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Tracor Pulling Clutches Header

Tractor Pulling Clutches

This article presupposes your Puller is fitted with a Steel Flywheel. If not then please read the Steel Flywheels article first!

Unless you happen to be very handy with a Torque Converter* then you will end up using one of these in your Puller. Further down it says clutches come in two flavours but before you say anything, I have deliberately ignored all the oddities like Cone clutches, Dog (or pawl) clutches, Wet clutches, etc. because they are not used in the sport of Tractor Pulling.

Clutches come in two flavours: -

Both have their good and bad points which I will summarise at the end of the article. Now back to basics; how does a clutch work?

Tractor clutch componentsTractor clutch operation

Conventional Clutch

The default state of this clutch is engaged (on). The first illustration shows the components of a standard single-plate friction tractor clutch and the second shows you how the system actually works. By default the clutch is engaged, in other words you have to push down the clutch pedal to disengage it which is the norm.

In terms of Tractor Pulling a single friction plate is fairly rare. In the majority of cases dual-plates are used to increase grip and spread and dissipate the heat over a wider area.

Sorry, this section is still under construction...

Centrifugal Clutch

Centrifugal chainsaw clutchThe default state of this clutch is disengaged (off). Apart from mopeds and chainsaws, this type of clutch is also used in other applications where the speed of the engine defines the state of the clutch, for example Tractor Pulling. This clutch system uses centrifugal force to automatically engage the clutch when the engine rpm rises above a threshold and automatically disengages when the engine rpm falls low enough.

The moped and chainsaw version looks similar to a drum brake. The friction pads (or shoes) are radially mounted and engage the inside of the rim of a housing (drum). A spring or springs hold the shoes away from the rim until the centrifugal force caused by the engine rotation stretches the springs, forcing the mechanism to engage.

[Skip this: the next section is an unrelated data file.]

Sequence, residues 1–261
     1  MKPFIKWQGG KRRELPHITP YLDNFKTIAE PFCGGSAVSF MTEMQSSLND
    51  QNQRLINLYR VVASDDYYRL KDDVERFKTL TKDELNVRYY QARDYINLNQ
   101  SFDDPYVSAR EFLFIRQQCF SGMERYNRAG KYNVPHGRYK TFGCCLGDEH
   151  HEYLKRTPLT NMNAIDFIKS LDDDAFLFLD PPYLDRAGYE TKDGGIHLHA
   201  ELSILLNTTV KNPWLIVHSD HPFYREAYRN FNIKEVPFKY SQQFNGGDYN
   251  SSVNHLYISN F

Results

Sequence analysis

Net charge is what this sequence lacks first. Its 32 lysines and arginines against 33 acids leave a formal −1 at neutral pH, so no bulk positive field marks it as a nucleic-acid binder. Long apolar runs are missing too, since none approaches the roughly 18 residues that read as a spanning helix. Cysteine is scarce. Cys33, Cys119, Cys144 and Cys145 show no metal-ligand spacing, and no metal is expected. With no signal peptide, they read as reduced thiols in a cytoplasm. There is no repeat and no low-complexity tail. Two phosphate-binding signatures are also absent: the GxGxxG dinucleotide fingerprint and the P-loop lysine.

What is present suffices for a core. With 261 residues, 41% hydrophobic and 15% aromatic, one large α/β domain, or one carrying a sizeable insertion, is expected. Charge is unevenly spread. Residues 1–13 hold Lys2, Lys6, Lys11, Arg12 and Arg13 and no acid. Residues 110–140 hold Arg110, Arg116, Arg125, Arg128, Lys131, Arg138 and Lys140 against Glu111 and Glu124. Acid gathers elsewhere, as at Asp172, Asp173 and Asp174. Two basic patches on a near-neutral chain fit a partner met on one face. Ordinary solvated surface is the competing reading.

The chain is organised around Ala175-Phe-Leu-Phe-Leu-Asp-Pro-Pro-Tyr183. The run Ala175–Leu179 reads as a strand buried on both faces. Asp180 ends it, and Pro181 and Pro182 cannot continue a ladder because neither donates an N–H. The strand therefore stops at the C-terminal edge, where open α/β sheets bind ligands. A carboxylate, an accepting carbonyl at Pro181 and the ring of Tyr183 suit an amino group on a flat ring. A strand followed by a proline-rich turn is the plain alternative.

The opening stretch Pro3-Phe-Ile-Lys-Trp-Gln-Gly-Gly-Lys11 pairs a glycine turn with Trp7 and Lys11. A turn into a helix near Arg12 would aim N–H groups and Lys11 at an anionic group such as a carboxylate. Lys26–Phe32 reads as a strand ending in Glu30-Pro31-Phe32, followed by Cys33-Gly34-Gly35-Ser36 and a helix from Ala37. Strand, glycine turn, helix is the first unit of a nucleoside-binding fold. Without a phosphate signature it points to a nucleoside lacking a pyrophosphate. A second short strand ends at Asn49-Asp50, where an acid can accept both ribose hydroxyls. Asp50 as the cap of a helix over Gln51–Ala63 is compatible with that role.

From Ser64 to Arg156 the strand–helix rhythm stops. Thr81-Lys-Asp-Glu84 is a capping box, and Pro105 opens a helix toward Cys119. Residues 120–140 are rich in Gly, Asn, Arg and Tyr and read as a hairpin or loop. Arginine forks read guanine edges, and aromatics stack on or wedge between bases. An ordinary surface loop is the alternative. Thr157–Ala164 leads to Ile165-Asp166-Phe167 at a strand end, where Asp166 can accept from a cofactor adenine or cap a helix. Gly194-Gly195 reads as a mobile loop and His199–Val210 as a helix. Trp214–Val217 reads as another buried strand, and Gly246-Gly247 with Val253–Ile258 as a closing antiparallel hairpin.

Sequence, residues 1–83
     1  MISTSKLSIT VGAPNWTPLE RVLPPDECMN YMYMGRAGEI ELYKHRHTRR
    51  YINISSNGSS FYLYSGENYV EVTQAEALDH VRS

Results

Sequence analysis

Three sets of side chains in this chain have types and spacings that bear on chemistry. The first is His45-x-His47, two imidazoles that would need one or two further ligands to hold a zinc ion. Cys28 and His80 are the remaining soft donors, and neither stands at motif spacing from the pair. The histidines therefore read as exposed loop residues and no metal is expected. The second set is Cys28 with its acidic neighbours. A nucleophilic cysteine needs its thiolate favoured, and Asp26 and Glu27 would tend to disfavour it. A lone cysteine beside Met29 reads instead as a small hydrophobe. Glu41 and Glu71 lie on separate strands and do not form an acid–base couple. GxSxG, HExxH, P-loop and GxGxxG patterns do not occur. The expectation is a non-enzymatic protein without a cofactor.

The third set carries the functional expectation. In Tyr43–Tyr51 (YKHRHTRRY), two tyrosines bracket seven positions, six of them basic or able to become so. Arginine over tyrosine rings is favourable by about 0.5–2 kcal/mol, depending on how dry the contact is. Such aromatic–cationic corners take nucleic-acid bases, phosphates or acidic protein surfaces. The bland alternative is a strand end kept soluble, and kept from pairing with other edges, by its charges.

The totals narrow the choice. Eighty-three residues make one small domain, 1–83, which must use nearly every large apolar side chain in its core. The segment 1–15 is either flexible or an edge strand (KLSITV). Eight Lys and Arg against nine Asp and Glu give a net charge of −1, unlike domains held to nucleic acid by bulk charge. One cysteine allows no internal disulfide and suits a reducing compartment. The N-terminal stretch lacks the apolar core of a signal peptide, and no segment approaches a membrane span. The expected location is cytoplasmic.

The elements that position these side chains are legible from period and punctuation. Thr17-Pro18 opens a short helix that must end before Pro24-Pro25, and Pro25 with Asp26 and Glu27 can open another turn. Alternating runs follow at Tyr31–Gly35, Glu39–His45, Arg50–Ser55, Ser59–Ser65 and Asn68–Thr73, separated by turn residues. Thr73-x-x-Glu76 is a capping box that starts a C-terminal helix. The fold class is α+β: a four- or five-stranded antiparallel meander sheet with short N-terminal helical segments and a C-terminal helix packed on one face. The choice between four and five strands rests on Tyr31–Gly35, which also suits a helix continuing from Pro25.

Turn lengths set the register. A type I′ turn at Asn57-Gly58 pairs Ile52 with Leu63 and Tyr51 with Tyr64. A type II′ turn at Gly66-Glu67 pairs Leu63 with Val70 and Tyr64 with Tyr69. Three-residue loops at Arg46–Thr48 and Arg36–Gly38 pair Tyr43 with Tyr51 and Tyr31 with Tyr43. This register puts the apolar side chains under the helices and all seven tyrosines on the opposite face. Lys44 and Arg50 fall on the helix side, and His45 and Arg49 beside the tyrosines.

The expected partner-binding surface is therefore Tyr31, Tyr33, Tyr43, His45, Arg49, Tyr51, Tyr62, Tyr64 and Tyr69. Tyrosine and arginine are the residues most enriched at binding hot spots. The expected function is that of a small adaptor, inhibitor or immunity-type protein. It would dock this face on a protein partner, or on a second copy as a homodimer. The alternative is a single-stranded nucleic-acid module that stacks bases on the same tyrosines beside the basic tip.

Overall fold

That little digression aside, back to Tractor Pulling. Centrifugal clutches come in two principal varieties, fully Automatic (e.g. CrowerGlide) and Pedal Clutches (Crower Pullmaster).

Crower 'CrowerGlide' Clutch - exploded view

 

How does a centrifugal Pulling clutch work?

How the arms work in the clutch

Sorry, this section is still under construction...

Clutch friction plates

This is the point at which things do start becoming a bit more technical. Sorry about that but it sort of comes with the territory!

The clutch disc ensures a smooth transition during every engagement, while also standing up to the abuse of this action. If the clutch disc is going to last, it must be covered with a friction material that: -

  1. Can withstand the torque and RPM of the engine.
  2. Can withstand the clamping force of the pressure plate.
  3. Can manage the heat caused by engagement and disengagement.
  4. Finally, the clutch is usually required to engage and disengage smoothly (racing clutches, not so much).

Part and parcel of these requirements are the two friction coefficients which relate to points 1 and 4 above.

In the good (or should that be bad) in view of Asbestosis old days asbestos was frequently used a the disk friction facings, due to its ability to withstand high temperatures. Modern clutches typically use: -

Organic

These use a compound organic resin with copper wire facing (for heat dispersion). The compound is a mix of fibreglass and other materials moulded or woven into a friction pad.

Organic facings are typically made from phenolic resins, friction modifiers like metallic powder or metal oxides, and compounded rubber. These facings come in two types: -